Why Is My Rabbit’s Third Eyelid Showing?

The third eyelid may be more visible in some rabbits than others, this is most often nothing to worry about and is most likely down to genetics, however, occasionally a third eyelid that becomes progressively more prominent could be an indication of a serious issue, such as a tumor.

If you are at all concerned that concerned your pet may have developed a condition, you should seek veterinary advice as soon as possible. As rabbits are prone to many conditions including cataracts and conjunctivitis, the eyes should be regularly checked for any signs of problems.

Your rabbit’s third eyelid may also protrude from the corner of the eye if it has experienced some sort of trauma. If you keep more than one rabbit together fights (while not likely with bonded rabbits) can also result in eye injuries.

Do Rabbits Sleep With Their Eyes Open?

Something that causes surprise for new rabbit owners is that sometimes, their pets appear to be sleeping with their eyes open. Although this isn’t the case all the time and rabbits will typically only do this when they feel threatened.

In the wild, rabbits will often sleep in a burrow under the ground, well out of the way of predators. But for times when this is not possible or they feel as though they need to be on high alert, they can sleep with their eyes open.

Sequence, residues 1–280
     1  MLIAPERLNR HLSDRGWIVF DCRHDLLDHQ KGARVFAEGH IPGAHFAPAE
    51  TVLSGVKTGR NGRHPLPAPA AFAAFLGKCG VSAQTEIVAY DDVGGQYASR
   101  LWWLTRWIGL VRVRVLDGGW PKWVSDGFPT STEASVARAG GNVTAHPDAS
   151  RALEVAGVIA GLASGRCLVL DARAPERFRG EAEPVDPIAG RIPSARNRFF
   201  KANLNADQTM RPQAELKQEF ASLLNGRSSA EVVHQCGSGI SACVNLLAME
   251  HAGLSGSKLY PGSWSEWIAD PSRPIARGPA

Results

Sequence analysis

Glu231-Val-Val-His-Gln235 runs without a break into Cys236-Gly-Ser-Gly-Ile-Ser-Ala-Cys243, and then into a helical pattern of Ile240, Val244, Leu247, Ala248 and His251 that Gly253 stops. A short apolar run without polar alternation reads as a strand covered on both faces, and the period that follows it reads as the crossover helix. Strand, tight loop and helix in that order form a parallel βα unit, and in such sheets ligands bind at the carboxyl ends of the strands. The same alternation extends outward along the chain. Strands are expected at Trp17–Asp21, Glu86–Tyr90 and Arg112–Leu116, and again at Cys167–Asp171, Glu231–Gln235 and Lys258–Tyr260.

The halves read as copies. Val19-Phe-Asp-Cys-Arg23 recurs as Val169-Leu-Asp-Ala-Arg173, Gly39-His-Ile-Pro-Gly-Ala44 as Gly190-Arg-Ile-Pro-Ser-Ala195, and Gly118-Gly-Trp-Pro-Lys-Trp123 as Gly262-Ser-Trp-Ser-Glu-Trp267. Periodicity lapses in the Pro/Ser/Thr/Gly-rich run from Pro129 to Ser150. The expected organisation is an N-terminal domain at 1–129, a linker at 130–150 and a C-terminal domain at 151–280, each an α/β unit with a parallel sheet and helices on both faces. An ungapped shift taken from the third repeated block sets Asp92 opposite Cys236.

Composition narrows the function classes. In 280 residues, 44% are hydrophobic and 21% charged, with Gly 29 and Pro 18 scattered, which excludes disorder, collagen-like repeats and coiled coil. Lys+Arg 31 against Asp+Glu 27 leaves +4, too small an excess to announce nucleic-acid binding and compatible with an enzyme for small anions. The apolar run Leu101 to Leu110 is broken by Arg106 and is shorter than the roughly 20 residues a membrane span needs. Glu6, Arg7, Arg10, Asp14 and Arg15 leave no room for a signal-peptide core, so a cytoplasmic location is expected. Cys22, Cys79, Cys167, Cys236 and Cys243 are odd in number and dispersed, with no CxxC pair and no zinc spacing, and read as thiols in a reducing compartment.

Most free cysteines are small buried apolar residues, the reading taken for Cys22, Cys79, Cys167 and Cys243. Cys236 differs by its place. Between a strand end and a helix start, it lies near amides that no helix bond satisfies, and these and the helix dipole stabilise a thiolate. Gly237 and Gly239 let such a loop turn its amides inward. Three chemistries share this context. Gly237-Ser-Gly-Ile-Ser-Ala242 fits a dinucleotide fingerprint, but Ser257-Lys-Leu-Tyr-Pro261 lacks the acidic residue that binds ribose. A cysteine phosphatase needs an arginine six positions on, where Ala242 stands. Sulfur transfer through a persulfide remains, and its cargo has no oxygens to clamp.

The reason for this is the nictitating membrane that we keep talking about. The rabbit is able to use this transparent eyelid to protect the eye and keep it moist while sleeping. At the same time, the bunny is also able to remain aware of any potential danger that may come its way.

Rabbit Eye Problems

Rabbits are sensitive animals and while they will live many healthy, happy years when properly cared for, they are predisposed to certain health conditions, including those that affect the eyes.

While we would need a much more comprehensive guide to give full details of each of these eye problems some of the most common issues that can affect a rabbit’s eyes are listed below along with some links to reliable sources with descriptions of each:

Wrap Up

Rabbits are delicate animals and the eyes can be another problem area, even with the nictitating membrane providing an extra layer of protection.

While it is important to regularly check your rabbit’s eyes, providing a healthy lifestyle including a good diet, adequate housing, and mental well-being (through companionship and enrichment) will also go a long way to helping to ward off medical issues, especially those that can be attributed to stress.

Further Reading

Eye Inflammation in Rabbits petmd.com

Protruding nictitating membrane medirabbit.com

How well does a rabbit see? northamericannature.com


Darren is the founder and editor at Bunny Advice and has been caring for rabbits for over a decade. He has a passion for helping animals and sharing his experience and knowledge with others.